a remarkable Rhodochrosite from the Sunnyside Mine, near Ironton, Colorado, with a bit of Quartz and Pyrite as well

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Rhodochrosite is Colorado’s State Mineral. It was named in 1813 by Johann Friedrich Ludwig Hausmann from the Greek ρόδο, “rose”, and χρώς, “coloring”, referring to its color; its hardness is 3½ – 4 and its specific gravity is 3.7. It commonly occurs as a primary gangue mineral in moderate- to low-temperature hydrothermal veins, also in high-temperature metasomatic deposits and sedimentary manganese deposits or as a late stage hydrothermal mineral in pegmatites, especially lithiophilite-bearing ones, and it can also be formed as a biomineral by some fungi during oxidation. It’s found in thousands of locations around the world, but rarely can you find more incredible specimens than those found in Colorado, and most notably, from the Sweet Home Mine near Leadville, not too far from the Sunnyside Mine…

According to Mindat, the Sunnyside Mine is a former Au-Pb-Mn-Ag-Zn-Cu mine located between Ouray and Silverton near Ironton. The Sunnyside Mine worked veins associated with the Eureka graben, a volcanic collapse structure connecting the Silverton and Lake City calderas. The veins are multi-generational fissure fillings with ore shoots often localized by fault intersections. Burbank and Luedke (1969) present an extensive description of the geology of the area and of the vein system.

The Sunnyside Mine started in the late 1880’s and closed 1930. Reopened 1937 and closed 1938. The original surface plant was on the shore of Lake Emma in a glacial cirque east of Bonita peak above 12000 feet. In the late 1890’s an aerial tramway was constructed to bring the ore to the Sunnyside Mill at Eureka, 3 miles east of and 2000 feet below the mine.

American tunnel was originally part of the Gold King Mine at Gladstone. On USGS topographic maps it is still labeled as such. Begun in 1900 some 800 feet beneath level 7, the Gold King’s main operating level, it was only driven in about 700 ft. In 1922-3 the American tunnel was extended to 6233 feet from the portal, to a point beneath the Gold King’s main workings, but the mine closed before any other development work could be done.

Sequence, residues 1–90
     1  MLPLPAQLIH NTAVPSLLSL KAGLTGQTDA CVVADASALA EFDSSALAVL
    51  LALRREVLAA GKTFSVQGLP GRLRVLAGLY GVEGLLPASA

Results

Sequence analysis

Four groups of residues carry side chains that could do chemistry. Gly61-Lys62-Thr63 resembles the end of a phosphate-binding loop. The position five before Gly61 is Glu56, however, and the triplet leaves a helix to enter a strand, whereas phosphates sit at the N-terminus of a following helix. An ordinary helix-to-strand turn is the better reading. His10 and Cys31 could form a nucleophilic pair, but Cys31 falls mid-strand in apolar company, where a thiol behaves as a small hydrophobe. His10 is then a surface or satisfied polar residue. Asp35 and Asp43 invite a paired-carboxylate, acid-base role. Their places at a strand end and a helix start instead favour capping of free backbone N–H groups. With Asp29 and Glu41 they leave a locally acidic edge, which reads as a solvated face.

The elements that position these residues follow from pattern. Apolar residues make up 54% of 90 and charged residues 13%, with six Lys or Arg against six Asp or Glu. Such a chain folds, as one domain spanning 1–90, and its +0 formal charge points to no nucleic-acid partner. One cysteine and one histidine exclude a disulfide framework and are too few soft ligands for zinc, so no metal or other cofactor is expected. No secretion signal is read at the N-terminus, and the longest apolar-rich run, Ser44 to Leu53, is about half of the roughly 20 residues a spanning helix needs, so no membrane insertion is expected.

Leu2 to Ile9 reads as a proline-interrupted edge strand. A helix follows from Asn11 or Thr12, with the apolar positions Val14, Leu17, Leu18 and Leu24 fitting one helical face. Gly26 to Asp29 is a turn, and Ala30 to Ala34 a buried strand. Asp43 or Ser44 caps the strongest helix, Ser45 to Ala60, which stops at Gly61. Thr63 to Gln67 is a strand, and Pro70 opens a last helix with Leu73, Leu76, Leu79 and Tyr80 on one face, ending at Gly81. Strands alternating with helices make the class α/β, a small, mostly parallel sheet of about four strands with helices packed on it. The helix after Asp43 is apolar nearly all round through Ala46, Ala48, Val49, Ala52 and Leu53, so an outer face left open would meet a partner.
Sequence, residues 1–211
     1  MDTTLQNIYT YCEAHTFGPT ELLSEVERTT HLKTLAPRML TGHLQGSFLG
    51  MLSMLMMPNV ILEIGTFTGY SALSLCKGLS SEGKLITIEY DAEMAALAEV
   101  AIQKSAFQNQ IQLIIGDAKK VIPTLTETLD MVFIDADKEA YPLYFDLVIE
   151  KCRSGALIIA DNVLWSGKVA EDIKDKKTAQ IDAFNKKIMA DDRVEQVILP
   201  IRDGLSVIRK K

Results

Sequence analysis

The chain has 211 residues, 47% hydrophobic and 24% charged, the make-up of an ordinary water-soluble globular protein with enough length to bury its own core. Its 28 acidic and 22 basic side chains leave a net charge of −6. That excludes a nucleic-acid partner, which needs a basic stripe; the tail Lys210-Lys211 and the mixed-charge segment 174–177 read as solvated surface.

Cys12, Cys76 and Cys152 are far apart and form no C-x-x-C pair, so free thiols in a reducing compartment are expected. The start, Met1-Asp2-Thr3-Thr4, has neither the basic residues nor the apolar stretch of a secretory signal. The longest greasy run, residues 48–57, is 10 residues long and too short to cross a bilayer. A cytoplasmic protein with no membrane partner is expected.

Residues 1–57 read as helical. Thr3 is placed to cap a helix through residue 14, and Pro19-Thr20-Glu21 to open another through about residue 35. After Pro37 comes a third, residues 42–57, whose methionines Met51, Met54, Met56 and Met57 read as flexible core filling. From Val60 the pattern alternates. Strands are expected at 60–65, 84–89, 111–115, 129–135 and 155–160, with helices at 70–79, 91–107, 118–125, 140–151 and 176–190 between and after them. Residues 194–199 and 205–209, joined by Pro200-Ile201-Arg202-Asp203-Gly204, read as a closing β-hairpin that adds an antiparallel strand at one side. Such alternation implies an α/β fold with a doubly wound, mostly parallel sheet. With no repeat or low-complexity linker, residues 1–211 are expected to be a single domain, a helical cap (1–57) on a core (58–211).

After a long period of dormancy Standard Metals became the operating entity of the Sunnyside Mine and decided to access it from beneath through the American tunnel. Between 1959 and 1962 the tunnel was driven nearly another mile to a point 1800 feet beneath the old workings of the Sunnyside Mine, a final length of approximately 11000 feet,. The American tunnel provided deep drainage and gravity assisted ore handling solving 2 major problems that had greatly increased costs and led to the demise of the original Sunnyside mine nearly 25 years earlier.

On June 4th, 1978 (fortunately a Sunday) the bottom of Lake Emma collapsed into the upper mine workings sending a slurry of mud and debris through most of the workings. Production resumed after about 2 years of rehabilitation and the operation stumbled on through poor economic times until early in 1985 when Standard Metals sold the property. Production continued under the new operating entity, Sunnyside Gold Corp., a subsidiary of Echo Bay Mines, Ltd. Like many mines in this area and elsewhere the Sunnyside had a long history of changing ownership. Past owners include: R.J. McNutt; M.M. Engleman& L.C. Thompson; L.C. Thompson & Frank Thompson; Judge John H. Terry (1900-1910); 2 sons and daughter of Judge Terry (1910-1917); United States Smelting & Refining Co. (1917- ); Standard Uranium (which formed Standard Metals Corp.)(lessee)(1959-1985).

Except for a 2 year rehabilitation hiatus in the wake of the Lake Emma disaster, the Sunnyside mine produced ore through the American tunnel until 1991 when depressed gold and base metal prices turned more ore into rock than could be tolerated.

In recent years the main concern in the area is the acid drainage discharging from the American Tunnel and many other adits in the region. Bulkheads were installed in the American Tunnel to stem the flow but the loss of deep drainage in the area has caused adjustments in the water table over a larger area because of interconnected mine workings or the pervasive fracturing. Although the Gold King Mine was never connected to the American Tunnel by raises or other workings, after the American Tunnel was plugged water drainage from the level 7 adit increased considerably. Remediation efforts led to a large spill of acid water and sludge in 2015.

Many old reports exist which claim rhodonite is common at this location. Modern methods of identification including X-ray diffraction of both massive and crystallized specimens show they are pyroxmangite


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